After arriving to China I found it interesting that whenever I went over to a Chinese friends home they would always ask me to take off my shoes and put on sandals. I thought this was a bit bizarre at first and asked a Chinese friend why this was the case, she said "Well, it's simple really. Outside the ground is a dirty place. Why bring that dirt into your home." I realized "outside" is a dirty place, but in the States we are still okay from time to time to walk in the house with shoes on. My friends comment made more sense however, after I saw how Chinese people will treat the public walkways - as makeshift restrooms, where kids can pee on curbside and public buses, and even grown men can let one fly in the metro stations. It's true, and I've seen it on more than one occasion.
Moral of the story. I now have a very nice pair of sandals by the my door.
There's probably some things you would not mind taking second hand- bikes, iPods, jackets, maybe even jewelry. One thing you'd likely not wish for second hand, however, is something that in China you're offered very often- cooking oil.
In China there's something called "Dee-go-yo" which literally translates as "second-hand oil". This isn't something we're exposed to in the west as oil is cheap and the idea of reusing it is disgusting. But in China, if you go to a more local joint- a smaller, cheaper restaurant, it's very possible that fine cuisine is covered in it.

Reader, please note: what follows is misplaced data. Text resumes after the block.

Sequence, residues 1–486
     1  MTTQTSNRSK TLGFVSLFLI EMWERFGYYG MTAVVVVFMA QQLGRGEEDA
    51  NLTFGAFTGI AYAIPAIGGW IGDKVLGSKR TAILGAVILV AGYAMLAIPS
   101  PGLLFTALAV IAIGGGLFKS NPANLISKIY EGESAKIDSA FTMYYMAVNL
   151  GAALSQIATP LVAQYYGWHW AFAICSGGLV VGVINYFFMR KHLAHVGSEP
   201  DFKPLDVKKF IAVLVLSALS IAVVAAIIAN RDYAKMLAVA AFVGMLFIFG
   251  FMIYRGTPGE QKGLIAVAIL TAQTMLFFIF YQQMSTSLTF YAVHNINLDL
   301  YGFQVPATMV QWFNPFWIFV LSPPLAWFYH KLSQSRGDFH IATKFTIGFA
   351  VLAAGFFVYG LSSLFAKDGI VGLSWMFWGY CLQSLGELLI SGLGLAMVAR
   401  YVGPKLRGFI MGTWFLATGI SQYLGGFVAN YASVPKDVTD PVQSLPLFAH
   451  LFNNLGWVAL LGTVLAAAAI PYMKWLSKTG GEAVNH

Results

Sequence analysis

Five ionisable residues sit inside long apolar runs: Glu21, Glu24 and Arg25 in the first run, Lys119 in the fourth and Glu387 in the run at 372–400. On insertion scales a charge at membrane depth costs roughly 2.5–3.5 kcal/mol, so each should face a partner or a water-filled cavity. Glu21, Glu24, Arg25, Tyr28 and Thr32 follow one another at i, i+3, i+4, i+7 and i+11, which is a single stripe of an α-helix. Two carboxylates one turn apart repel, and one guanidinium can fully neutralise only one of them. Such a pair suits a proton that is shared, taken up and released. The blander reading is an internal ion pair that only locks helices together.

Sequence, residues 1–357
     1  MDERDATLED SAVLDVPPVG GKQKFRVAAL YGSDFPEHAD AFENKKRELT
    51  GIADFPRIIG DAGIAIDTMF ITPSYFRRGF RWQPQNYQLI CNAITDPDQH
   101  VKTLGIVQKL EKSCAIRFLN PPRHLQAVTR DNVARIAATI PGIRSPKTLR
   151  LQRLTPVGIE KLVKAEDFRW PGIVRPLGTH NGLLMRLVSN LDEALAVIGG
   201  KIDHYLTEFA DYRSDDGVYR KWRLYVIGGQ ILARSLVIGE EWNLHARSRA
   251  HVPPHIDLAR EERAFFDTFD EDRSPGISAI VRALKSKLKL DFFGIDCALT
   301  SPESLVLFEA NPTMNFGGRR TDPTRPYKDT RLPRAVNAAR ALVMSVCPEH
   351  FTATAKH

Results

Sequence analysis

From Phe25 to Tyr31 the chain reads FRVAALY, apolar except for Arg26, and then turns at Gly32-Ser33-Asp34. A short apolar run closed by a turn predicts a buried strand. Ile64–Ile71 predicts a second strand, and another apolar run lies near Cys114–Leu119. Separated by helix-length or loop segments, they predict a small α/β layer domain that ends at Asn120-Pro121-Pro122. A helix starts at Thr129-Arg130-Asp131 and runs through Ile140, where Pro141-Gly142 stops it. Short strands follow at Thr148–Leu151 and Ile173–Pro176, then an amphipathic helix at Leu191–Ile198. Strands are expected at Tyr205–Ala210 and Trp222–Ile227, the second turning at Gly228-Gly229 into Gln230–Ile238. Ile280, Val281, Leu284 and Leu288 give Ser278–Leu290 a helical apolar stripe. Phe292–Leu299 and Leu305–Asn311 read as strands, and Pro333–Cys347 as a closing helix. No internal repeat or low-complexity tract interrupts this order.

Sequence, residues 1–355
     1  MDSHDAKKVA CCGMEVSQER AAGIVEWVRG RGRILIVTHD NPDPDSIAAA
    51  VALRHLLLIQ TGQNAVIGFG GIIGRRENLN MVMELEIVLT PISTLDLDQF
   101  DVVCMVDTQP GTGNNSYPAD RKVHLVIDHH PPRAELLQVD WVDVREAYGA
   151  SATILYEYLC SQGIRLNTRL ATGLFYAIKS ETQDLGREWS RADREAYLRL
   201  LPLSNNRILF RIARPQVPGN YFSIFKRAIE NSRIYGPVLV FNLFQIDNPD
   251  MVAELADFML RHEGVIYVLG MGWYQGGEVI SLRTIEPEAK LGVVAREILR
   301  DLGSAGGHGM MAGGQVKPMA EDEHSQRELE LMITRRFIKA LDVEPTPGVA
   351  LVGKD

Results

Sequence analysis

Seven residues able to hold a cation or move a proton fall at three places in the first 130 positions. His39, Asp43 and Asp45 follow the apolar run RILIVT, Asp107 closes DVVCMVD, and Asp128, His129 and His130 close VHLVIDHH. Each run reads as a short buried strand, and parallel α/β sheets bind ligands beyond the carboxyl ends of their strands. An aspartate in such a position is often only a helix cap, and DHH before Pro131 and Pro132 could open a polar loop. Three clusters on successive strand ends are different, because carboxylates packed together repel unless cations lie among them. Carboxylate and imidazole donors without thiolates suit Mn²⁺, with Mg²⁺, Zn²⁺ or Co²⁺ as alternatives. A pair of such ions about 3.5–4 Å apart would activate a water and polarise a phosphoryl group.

So why use second hand oil? In China restaurants look for ways to save money, so what happens is they will throw out the oil, or it's drained into a large vat, which looks much as a sewer. Later on, usually about once a month a van will come by in the late evenings with large 20 gallon plastic tubs and workers will scoop the solidified oil into the buckets and drive it back to some unknown location where they take the oil and "purify" it by heating it up, removing the impurities, and then re-bottling it and selling it back to the original restaurants at a discount price.
Oddly enough, second hand oil can actually taste better (like that frying pan your grandpa never washes), but packed away in that oil you discover loads of toxins. Hmmm, yeah. It's not just the MSG that makes Chinese food taste so good.